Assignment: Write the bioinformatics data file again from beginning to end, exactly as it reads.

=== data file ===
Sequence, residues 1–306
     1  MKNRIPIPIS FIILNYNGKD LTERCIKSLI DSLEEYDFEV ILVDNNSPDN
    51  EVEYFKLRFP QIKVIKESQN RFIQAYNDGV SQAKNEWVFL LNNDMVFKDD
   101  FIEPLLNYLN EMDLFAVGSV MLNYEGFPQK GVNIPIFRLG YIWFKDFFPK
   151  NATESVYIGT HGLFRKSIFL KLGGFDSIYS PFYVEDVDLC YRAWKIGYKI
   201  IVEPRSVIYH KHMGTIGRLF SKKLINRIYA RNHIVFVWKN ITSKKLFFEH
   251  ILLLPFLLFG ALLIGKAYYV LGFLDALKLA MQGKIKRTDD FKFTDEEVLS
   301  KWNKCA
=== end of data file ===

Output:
Sequence, residues 1–306
     1  MKNRIPIPIS FIILNYNGKD LTERCIKSLI DSLEEYDFEV ILVDNNSPDN
    51  EVEYFKLRFP QIKVIKESQN RFIQAYNDGV SQAKNEWVFL LNNDMVFKDD
   101  FIEPLLNYLN EMDLFAVGSV MLNYEGFPQK GVNIPIFRLG YIWFKDFFPK
   151  NATESVYIGT HGLFRKSIFL KLGGFDSIYS PFYVEDVDLC YRAWKIGYKI
   201  IVEPRSVIYH KHMGTIGRLF SKKLINRIYA RNHIVFVWKN ITSKKLFFEH
   251  ILLLPFLLFG ALLIGKAYYV LGFLDALKLA MQGKIKRTDD FKFTDEEVLS
   301  KWNKCA